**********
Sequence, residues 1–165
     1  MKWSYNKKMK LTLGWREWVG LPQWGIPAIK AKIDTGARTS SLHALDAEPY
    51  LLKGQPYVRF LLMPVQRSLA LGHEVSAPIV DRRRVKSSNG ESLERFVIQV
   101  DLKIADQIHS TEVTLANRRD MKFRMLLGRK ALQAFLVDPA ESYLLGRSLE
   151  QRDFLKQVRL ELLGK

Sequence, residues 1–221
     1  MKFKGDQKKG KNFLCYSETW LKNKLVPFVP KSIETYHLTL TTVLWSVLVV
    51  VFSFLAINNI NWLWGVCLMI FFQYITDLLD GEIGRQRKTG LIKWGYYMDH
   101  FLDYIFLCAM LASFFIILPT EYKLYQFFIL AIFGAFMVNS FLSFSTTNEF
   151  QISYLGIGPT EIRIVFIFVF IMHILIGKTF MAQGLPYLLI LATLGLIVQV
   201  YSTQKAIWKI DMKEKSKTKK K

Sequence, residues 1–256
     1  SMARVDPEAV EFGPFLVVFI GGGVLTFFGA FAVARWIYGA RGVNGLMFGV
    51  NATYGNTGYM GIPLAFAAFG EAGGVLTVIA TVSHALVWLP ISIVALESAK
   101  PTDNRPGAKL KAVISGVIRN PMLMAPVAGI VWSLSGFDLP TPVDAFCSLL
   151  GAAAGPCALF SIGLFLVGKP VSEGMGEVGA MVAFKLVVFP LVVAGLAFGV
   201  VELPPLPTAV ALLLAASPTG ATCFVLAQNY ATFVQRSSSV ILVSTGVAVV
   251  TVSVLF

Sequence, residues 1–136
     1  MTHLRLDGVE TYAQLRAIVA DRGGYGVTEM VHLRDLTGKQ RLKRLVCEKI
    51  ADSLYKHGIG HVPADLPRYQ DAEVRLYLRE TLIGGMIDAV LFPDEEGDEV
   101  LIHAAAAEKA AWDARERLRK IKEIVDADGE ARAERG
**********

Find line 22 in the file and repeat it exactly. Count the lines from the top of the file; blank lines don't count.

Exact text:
   101  LIHAAAAEKA AWDARERLRK IKEIVDADGE ARAERG